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Calorie Counting


One common reaction from Japanese people who visit America for the first time when they see what's inside a vending machine is pure shock at how every single item inside is full of sugar.  This is because vending machines for drinks in Japan are overwhelmingly full of various types of canned coffee and bottles of tea.  Water is also a popular item, and you can often find a fruit juice to sweeten things up, but don't count on it every time.

Don't expect any of the tea in the machines to be sweet, either.  Many people around the world enjoy green tea with honey thinking that it's a popular way to drink Japan's favorite beverage, but it's actually almost sacrilegious to sweeten green tea with honey in Japan.  You can drink it however you like in your own home of course, but there won't be any sweetened teas in your vending machine.

I was reminded by this cultural difference when I read a news article earlier this week about how Coca Cola and other big brand companies are going to start listing calories on their vending machines.  Everyone in America seems to be reacting to New York's effort to limit the amount of soda you can buy in a huge oversized cup, and this is just one more in a long line of articles about how America is facing a real challenge with obesity.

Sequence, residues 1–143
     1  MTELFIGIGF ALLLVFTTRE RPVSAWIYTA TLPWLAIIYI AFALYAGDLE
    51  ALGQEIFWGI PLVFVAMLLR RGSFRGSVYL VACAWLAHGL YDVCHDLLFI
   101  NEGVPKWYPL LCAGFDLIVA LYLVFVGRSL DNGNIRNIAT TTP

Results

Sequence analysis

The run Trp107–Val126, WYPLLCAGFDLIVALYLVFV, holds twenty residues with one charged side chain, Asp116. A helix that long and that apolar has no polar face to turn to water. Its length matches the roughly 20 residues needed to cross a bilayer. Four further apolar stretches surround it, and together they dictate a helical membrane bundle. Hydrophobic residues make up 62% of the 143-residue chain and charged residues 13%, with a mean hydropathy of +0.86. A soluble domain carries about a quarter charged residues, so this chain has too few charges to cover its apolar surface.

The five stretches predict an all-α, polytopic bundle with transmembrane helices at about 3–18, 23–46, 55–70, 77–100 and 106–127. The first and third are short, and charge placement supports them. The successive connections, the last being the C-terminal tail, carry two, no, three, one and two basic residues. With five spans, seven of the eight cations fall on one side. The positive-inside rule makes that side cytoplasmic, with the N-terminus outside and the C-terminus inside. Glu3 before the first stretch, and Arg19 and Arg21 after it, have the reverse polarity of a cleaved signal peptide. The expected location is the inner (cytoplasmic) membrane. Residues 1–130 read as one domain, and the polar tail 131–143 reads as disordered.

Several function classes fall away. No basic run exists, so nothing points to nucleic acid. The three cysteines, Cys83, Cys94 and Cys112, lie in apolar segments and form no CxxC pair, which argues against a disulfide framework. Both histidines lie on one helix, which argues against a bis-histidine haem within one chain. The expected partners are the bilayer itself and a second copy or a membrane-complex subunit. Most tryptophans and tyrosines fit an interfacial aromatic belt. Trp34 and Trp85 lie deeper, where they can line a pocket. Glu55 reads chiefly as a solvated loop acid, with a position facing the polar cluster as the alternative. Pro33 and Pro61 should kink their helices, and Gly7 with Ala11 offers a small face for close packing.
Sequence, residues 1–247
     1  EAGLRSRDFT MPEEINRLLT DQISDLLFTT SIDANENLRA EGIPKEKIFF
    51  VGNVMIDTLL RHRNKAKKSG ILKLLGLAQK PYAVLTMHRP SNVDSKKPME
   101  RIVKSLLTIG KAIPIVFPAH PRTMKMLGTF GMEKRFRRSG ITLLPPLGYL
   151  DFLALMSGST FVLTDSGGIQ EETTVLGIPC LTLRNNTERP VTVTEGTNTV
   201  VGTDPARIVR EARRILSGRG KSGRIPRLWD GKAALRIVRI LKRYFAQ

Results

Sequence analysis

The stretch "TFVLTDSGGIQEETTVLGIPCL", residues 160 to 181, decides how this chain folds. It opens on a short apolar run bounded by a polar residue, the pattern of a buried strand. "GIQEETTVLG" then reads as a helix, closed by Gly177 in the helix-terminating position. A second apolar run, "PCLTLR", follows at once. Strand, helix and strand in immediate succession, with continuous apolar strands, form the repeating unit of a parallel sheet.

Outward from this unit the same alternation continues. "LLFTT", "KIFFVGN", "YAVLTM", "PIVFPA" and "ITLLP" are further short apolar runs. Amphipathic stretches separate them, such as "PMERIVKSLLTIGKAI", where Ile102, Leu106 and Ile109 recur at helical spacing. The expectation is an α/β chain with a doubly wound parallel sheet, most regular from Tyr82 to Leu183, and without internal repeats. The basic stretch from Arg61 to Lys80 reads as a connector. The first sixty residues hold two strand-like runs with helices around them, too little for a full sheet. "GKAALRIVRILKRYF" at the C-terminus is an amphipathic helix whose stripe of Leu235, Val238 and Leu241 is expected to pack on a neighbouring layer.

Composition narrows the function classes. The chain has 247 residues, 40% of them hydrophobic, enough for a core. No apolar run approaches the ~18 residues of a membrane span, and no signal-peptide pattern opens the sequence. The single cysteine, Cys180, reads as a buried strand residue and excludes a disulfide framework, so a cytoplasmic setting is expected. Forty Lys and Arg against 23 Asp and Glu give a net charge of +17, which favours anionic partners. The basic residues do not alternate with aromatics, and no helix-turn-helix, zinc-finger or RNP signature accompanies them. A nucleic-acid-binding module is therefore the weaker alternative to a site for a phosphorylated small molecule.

On the surface, Japan is certainly a much thinner country with much fewer people who are clinically overweight.  I think the slightly more traditional diet of most Japanese people combined with a lot more exercise and walking (thank you public transportation) may play a large role in that, but who's to say what will happen in the future.  The diet of younger generations is changing, so posting dietary information on "soda" machines may one day become a trend in Japan as well.

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